Diana Kennedy’s Huitlacoche Para Quesadillas
The wonders of a great farmers’ market never cease. Last Saturday, Mountain Flower Farm brought ears of corn with the beautiful corn fungus, huitlacoche, growing on them. I’ve enjoyed cooking and eating it previously in classes in Oaxaca. What a delightful surprise to find it here.
I bought some, and also bought fresh corn tortillas, roasted chiles poblanos, onions, and garlic at the Market, and made a lunch based on this recipe of Diana Kennedy’s from The Cuisines of Mexico. I ate my quesadillas with curds of goat cheese, but other types of white cheese would be good, too.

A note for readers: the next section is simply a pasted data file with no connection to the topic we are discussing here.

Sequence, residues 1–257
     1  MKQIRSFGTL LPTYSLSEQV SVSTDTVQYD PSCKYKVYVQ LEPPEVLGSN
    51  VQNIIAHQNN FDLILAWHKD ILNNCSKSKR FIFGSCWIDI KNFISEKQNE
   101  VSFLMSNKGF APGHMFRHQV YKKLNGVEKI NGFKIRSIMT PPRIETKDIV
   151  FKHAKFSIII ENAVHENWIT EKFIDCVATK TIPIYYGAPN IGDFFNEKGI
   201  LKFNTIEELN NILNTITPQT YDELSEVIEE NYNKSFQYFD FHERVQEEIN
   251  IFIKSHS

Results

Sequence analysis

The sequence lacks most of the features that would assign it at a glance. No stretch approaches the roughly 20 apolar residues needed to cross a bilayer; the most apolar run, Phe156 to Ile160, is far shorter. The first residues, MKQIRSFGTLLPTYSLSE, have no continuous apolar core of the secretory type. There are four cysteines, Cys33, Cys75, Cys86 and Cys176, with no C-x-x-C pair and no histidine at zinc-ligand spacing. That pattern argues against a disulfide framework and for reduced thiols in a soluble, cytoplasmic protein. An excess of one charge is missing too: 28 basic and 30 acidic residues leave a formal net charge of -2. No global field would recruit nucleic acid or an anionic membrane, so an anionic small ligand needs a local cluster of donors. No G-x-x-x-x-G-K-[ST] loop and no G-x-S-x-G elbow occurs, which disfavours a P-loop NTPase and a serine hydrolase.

- About 1 lb huitlacoche (corn fungus)
- 3 – 4 tablespoons peanut or safflower oil
- 1/4 medium onion, finely chopped
- 1 clove garlic, peeled and finely chopped
- 2 small chiles poblanos, roasted, peeled, and cut into strips, or 2 canned, peeled green chiles
- 1 large sprig epazote
- ¼ teaspoon salt, or to taste
- Cut the fungus from the corn cobs and chop it roughly. Set aside.
- Heat the oil and cook the onion and garlic, without browning, until they are soft.
- Add the chili strips, huitlacoche, epazote, and salt and cook over a medium flame until the mixture is soft and the liquid from the fungus has evaporated–about 15 minutes.
This locally inspired recipe is brought to you by Pam Walker. Pam is an avid home cook, writer, and local farm and food activist who is also a board member of the Santa Fe Farmers’ Market Institute. Thank you, Pam, for helping inspire us to use locally sourced ingredients!